Level: beginner

Verbs in time clauses and conditionals usually follow the same patterns as in other clauses but there are some differences when we:

  • talk about the future
  • make hypotheses.

Talking about the future

In time clauses with words like when, after and until, we often use present tense forms to talk about the future:

I'll come home when I finish work.
You must wait here until your father comes.
They are coming after they have had dinner.

In conditional clauses with words like if, unless, even if, we often use present tense forms to talk about the future:

We won't be able to go out if it is raining.
I will come tomorrow unless I have to look after the children.
Even if Barcelona lose tomorrow, they will still be champions.

We do not normally use will in time clauses and conditional clauses:

I'll come home when I finish work. (NOT will finish work)
We won't be able to go out if it rains. (NOT will rain)
It will be nice to see Peter when he gets home. (NOT will get home)
You must wait here until you father comes. (NOT will come)

but we can use will if it means want to or be willing to:

I will be very happy if you will come to my party.
We should finish the job early if George will help us.

Future time and conditional clauses 1

MultipleChoice_MTY0Njc=

Future time and conditional clauses 2

GapFillTyping_MTY0Njg=

Level: intermediate

Making hypotheses

Some conditional clauses are like hypotheses, so we use past tense forms.

We use past tense forms to talk about something that does not happen or is not happening in the present:

He could get a new job if he really tried.
        (= He cannot get a job because he has not tried.)
If Jack was playing, they would probably win.
        (= Jack is not playing so they will probably not win.)
If I had his address, I could write to him.
        (= I do not have his address so I cannot write to him.)

We use past tense forms to talk about something that we believe or know will not happen in the future:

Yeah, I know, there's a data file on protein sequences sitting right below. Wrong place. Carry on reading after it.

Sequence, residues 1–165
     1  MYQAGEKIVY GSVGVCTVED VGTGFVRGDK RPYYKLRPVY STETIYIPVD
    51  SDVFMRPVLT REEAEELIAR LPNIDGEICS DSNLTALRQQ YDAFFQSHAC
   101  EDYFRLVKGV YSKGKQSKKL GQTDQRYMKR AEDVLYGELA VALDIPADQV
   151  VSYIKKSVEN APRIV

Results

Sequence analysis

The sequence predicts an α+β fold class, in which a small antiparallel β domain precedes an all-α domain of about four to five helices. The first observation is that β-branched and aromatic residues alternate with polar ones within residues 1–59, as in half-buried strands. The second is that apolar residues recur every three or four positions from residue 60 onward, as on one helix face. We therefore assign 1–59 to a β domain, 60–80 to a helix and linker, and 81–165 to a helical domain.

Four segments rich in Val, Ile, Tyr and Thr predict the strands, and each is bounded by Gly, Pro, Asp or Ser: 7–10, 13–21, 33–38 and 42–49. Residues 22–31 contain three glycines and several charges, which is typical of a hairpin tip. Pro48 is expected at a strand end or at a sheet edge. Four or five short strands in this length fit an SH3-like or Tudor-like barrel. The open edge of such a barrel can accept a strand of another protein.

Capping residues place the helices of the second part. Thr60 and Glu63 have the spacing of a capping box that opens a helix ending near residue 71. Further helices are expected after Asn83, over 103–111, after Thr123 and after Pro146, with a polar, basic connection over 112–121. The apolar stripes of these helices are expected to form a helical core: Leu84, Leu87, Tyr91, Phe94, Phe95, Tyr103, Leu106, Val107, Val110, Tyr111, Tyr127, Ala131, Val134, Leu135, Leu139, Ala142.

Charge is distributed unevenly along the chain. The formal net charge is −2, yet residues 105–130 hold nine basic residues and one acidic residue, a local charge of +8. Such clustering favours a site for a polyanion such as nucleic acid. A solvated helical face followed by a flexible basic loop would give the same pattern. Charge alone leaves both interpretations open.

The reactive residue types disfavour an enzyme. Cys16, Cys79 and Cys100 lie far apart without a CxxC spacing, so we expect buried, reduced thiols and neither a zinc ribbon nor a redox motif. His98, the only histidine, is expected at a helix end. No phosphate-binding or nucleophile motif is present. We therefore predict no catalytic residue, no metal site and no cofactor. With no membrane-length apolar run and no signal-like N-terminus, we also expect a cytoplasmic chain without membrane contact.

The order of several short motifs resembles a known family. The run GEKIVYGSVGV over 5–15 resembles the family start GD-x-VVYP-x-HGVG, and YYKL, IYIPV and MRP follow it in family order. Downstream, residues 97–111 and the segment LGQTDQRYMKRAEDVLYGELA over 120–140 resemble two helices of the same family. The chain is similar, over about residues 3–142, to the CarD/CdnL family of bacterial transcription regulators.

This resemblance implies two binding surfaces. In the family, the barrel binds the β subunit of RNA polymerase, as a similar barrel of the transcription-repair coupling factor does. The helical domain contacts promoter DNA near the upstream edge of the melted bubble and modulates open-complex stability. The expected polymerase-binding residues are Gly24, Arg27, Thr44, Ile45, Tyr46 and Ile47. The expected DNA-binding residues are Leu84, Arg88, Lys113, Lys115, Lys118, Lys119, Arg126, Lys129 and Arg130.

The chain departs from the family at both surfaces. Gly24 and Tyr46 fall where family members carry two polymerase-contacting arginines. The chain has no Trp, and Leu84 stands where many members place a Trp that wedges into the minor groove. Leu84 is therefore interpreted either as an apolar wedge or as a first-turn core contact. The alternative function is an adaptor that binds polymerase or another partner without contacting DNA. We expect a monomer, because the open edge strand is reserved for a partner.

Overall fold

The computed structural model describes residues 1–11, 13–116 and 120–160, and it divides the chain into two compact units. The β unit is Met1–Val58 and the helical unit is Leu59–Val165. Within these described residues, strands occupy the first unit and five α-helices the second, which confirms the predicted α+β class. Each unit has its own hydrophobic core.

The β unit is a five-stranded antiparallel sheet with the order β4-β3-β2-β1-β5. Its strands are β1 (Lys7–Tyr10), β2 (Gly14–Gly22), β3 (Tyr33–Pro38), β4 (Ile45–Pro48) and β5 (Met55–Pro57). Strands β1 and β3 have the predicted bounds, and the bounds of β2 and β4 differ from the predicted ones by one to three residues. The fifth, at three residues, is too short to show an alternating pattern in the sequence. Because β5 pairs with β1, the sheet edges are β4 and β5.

We would go by train if it wasn't so expensive.
       (= We will not go by train because it is too expensive.)
I would look after the children for you at the weekend if I was at home.
       (= I cannot look after the children because I will not be at home.)

We use past tense forms to make suggestions about what might happen in the future:

If he came tomorrow, we could borrow his car.
If we invited John, Mary would bring Angela.

After I/he/she/it, we can use were instead of was:

If Jack was/were playing, they would probably win.
We would go by train if it wasn't/weren’t so expensive.
I would look after the children for you at the weekend if I was/were at home.

We use the past perfect to talk about something which did not happen in the past:

If you had seen him, you could have spoken to him.
        (= You did not see him so you could not speak to him.)
You could have stayed with us if you had come to London.
        (= You could not stay with us because you did not come to London.)
If we hadn't spent all our money, we could take a holiday.
        (= We have spent all our money so we cannot take a holiday.)
If I had got the job, we would be living in Paris.
        (= I did not get the job, so we are not living in Paris.)

If the main clause of a hypothetical conditional is about the present or future, we use a modal:

If I had got the job, we might be living in Paris now.
        (= I did not get the job so we are not living in Paris now.)
If you had done your homework, you would know the answer.
        (= You did not do your homework so you do not know the answer.)

If the main clause is about the past, we use a modal with have

If I had seen him, I would have spoken to him.
       (= I did not see him so I did not speak to him.)
You could have stayed with us if you had come to London.